The draft of the New Jersey new online gambling regulations made by regulators of the state's Division of Gaming Enforcement, is due for publication June 3 for public comment, yet without the implementation date set, but with authorities' prediction this should easily meet the end-2013 timeframe.
The regulations cover a wide range of requirements: internet punters' age; their staying within state borders; measures against problem gambling; 15 percent taxation arrangements. Additionaly, licensees will pay an initial Internet gaming permit fee of $400,000, and an annual fee of $250,000 for resources for problem gambling.
As the division's director David Rebuck said in a statement: "New Jersey has once again proven to be in the forefront of casino gaming with the development of Internet wagering regulations for all casino games."
He also said the state regulator studied gambling regulations in other jurisdictions that permit online wagering - Nevada, Alderney, France, Spain, Italy, and Denmark - and adopted some of their best practices.
They as well incorporated standards recommended by the National Council on Problem Gambling, and the U.S. Federal Reserve regarding network security.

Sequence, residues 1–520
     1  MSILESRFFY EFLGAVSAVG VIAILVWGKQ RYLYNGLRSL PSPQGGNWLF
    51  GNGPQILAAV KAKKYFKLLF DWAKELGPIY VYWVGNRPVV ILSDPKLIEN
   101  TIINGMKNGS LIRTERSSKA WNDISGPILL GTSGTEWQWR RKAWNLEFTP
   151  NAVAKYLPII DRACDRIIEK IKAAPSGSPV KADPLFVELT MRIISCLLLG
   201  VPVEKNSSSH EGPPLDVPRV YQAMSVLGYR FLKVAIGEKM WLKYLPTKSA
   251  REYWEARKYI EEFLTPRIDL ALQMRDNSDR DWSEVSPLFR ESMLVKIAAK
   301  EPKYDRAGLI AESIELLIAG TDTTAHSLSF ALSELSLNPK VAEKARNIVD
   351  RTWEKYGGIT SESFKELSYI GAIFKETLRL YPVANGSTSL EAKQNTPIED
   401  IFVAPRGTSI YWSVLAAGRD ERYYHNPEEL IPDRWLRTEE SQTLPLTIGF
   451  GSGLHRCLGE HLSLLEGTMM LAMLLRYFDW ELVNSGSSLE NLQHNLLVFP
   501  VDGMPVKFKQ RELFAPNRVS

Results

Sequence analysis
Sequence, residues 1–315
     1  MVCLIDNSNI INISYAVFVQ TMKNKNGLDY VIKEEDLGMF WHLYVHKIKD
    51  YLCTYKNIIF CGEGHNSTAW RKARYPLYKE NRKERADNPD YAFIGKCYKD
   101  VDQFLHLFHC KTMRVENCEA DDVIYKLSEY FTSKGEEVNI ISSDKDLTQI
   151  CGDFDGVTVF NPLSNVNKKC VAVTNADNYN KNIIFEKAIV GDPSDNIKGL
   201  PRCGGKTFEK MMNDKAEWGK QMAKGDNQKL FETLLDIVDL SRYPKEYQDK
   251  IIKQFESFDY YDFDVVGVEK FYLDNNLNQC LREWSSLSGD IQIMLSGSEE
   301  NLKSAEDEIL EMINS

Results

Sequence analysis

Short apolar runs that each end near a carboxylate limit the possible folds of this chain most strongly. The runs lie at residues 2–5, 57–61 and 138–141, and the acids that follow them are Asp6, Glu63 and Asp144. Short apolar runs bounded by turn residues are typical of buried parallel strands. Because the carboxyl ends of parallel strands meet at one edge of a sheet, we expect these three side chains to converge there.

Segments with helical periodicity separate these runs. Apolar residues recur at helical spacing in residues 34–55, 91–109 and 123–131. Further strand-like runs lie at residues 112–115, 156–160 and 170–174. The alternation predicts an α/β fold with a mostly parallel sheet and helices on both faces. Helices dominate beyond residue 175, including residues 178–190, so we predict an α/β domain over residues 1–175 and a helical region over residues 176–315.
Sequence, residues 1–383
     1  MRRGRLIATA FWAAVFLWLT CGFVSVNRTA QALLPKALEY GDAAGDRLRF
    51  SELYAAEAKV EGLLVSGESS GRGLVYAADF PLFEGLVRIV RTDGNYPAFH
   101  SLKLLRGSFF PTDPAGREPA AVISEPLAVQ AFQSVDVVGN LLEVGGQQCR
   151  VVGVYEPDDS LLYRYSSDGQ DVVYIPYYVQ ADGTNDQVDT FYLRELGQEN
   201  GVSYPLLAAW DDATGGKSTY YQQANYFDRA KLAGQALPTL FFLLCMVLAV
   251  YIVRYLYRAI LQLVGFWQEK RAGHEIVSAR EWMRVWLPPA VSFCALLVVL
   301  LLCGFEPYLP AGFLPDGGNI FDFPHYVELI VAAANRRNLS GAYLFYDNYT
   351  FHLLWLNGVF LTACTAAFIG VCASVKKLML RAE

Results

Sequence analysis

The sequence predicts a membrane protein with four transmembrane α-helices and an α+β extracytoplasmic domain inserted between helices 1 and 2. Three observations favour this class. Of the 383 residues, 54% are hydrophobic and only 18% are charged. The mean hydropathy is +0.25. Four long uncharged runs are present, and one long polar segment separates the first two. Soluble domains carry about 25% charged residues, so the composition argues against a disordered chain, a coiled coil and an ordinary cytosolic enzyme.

The regulations make provision for compacts with other online gambling legalizing states, enabling the sharing of player pools for mutual benefit. Nevertheless, New Jersey licenses will be restricted to established Atlantic City operators, who must have a corporate and technical presence in the state.
Players can set daily deposit limits for themselves, and when reach a lifetime deposit total of $2,500, the system will not let any further bets until the player acknowledges having reached the $2,500 threshold, and having the ability to either set daily limits or cancel the account should he or she choose to do so.
Rebuck promised to specify a date on which casinos can start taking Internet bets at least 45 days in advance, following the publication of the rules in the New Jersey Register on June 3, followed by a 60-day comment period.